While these policy moves of the Federal Reserve were not coordinated with other central banks, other central banks shared these challenges and responded in broadly similar ways to expand their balance sheets. For example, the Bank of England and the Bank of Japan also used large-scale purchases of medium- and long-term government securities to provide stimulus. In addition, several other foreign central banks, including the Bank of Canada and the Bank of Japan, also more actively used forward guidance about the path of policy rates.

Finally, the common challenges and problems of the past few years reinforced the importance of open discussion among the world's central banks. Central bank leaders draw on collective experience through discussion in such diverse international forums as the Bank for International Settlements (BIS), Group of Twenty (G-20), and CEMLA. CEMLA is an excellent example of what can be achieved by central bank cooperation through such means as courses and seminars, international meetings, technical assistance, publication of research studies, and exchange programs.

Cooperation in Areas of Supervision and Regulation
Central banks around the globe have focused not just on responding to the crisis, but also on working to minimize the risk of future crises by improving the soundness and stability of the financial sector. Indeed, the global financial crisis has underscored the importance of the financial stability objective of central banks. Given the global nature of financial markets and large financial institutions, coordination and cooperation among central banks and bank supervisors and regulators more generally is crucial in achieving this goal. Let me provide a few examples of such efforts.

First, the crisis highlighted shortcomings in capital and liquidity requirements. Central banks with bank supervisory responsibilities have been heavily involved in designing and promoting international frameworks to address these shortcomings. The Federal Reserve has supported the Basel Committee's adoption of improved capital requirements that include raising risk-weightings for traded assets, improving the quality of loss-absorbing capital through a new minimum common equity ratio standard, creating a capital conservation buffer, and introducing an international leverage ratio requirement. The Federal Reserve has also supported the Basel Committee's work on quantitative liquidity requirements and its work on capital surcharges for banks of global systemic importance.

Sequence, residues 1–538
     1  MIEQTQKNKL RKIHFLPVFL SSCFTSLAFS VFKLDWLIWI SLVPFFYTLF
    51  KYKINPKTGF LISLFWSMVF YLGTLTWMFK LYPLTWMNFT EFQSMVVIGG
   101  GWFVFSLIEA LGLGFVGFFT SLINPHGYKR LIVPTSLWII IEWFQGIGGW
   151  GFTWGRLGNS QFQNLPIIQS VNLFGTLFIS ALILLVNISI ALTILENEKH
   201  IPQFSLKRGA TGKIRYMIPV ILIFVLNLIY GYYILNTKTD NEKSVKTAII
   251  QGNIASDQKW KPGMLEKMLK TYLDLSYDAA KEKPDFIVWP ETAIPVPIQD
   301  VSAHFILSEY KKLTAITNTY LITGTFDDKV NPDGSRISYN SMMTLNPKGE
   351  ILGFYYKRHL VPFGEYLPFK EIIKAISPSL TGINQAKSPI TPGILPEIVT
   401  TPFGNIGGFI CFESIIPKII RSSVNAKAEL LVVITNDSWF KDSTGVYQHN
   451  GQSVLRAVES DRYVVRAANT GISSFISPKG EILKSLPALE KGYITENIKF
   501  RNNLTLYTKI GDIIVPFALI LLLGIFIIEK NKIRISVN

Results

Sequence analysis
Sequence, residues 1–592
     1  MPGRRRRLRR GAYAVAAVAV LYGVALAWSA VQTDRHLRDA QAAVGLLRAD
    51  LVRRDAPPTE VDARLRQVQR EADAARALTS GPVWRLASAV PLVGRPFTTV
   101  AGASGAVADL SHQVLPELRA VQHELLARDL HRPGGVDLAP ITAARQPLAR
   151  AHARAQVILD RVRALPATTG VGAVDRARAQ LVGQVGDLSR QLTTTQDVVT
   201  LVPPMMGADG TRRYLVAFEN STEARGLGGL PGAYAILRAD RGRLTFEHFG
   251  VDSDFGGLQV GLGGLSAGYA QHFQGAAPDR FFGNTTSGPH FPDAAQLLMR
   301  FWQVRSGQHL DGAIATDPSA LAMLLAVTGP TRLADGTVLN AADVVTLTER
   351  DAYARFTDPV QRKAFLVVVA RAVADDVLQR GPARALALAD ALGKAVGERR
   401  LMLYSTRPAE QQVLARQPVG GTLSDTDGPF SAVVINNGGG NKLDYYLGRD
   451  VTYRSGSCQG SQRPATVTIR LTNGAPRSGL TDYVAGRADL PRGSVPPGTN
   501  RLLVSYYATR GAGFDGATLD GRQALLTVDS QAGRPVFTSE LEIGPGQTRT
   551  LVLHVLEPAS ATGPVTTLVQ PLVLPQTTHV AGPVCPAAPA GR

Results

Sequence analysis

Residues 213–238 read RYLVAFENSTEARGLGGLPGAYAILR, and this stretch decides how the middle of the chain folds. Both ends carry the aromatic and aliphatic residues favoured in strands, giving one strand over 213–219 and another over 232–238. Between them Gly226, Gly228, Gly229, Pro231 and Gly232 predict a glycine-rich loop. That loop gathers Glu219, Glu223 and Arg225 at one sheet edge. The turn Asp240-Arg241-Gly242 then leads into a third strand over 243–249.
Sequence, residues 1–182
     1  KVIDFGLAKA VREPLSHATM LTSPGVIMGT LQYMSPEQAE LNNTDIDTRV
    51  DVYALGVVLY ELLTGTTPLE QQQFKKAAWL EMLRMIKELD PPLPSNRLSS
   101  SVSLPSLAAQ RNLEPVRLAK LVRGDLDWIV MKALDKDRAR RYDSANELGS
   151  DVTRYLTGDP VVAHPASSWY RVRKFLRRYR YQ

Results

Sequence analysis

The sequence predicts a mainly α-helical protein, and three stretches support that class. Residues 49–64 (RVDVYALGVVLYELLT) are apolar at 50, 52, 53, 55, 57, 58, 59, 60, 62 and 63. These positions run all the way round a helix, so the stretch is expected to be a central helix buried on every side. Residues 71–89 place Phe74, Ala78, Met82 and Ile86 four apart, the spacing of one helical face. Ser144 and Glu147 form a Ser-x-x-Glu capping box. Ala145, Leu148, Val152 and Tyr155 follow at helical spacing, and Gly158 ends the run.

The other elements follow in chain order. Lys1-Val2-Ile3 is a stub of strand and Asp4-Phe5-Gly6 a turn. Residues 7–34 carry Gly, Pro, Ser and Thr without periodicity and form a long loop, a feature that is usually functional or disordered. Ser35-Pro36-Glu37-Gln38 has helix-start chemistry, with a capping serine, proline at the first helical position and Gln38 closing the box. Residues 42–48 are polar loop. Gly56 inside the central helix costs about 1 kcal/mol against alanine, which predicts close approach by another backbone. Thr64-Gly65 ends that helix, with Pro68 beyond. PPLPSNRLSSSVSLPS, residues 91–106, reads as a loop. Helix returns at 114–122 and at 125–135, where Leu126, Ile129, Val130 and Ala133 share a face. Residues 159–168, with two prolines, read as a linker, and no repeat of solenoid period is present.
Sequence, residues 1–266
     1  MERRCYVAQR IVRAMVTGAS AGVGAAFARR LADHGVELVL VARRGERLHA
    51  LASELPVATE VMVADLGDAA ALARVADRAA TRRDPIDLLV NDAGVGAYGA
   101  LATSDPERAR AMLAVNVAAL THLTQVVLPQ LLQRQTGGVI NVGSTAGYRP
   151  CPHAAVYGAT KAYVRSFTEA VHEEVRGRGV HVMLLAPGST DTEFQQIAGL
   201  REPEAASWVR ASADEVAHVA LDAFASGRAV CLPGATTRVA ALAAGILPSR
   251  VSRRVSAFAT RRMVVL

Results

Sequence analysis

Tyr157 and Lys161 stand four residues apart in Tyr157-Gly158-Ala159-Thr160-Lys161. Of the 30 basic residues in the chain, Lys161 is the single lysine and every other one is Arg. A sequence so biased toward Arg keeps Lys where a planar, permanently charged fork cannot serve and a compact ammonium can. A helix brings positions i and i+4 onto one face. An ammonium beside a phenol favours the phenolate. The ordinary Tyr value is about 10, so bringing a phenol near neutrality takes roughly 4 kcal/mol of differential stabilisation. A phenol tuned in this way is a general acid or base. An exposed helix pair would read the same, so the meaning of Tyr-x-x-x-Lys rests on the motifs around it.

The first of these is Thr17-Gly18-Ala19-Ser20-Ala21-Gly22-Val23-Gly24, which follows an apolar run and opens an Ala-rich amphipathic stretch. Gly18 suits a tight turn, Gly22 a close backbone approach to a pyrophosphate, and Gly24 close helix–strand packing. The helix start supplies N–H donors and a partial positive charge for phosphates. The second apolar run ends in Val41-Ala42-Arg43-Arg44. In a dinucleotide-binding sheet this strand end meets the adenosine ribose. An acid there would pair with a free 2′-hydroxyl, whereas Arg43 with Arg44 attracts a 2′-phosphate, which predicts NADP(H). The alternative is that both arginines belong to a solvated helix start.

Another example of international cooperation on the regulatory front is the Financial Stability Board (FSB), which consists of key financial regulators around the world, including the Federal Reserve. The FSB has identified a number of challenges that international cooperation among central banks and financial regulators are helping to address. One such challenge regards over-the-counter (OTC) derivatives. To reduce the systemic risk of OTC derivatives, the G-20 leaders have agreed to require that standardized OTC derivatives be cleared through a central counterparty. Another challenge is that of cross-border resolutions, and the FSB has undertaken analytic work on how to improve the resolvability of financial firms that have a substantial international presence. The FSB has also identified and spurred cooperative work on gaps in financial data and on the so-called shadow banking system.

As a bank supervisor, the Federal Reserve has cooperated with foreign bank supervisors (including other central banks) through participation in supervisory colleges, which are multilateral standing working groups of supervisors formed for the purpose of enhancing effective consolidated supervision of an international banking organization. Supervisory colleges enhance the information exchange and cooperation of home and host supervisors to help them develop a better understanding of the risk profile of a banking organization.

Lastly, at the Federal Reserve we have also been working closely with other U.S. agencies in the recently established Financial Stability Oversight Council on the implementation of the financial stability reforms laid out in the Dodd-Frank Act. One key aspect of this act is the focus on a "macroprudential approach" that pays attention to the financial system as a whole, in addition to individual financial institutions and markets. The greater emphasis on macroprudential tools has been widespread. Indeed, the Federal Reserve has participated in analyses of macroprudential tools and policies undertaken with other G-20 central banks at the BIS and with bank supervisors on the Basel Committee.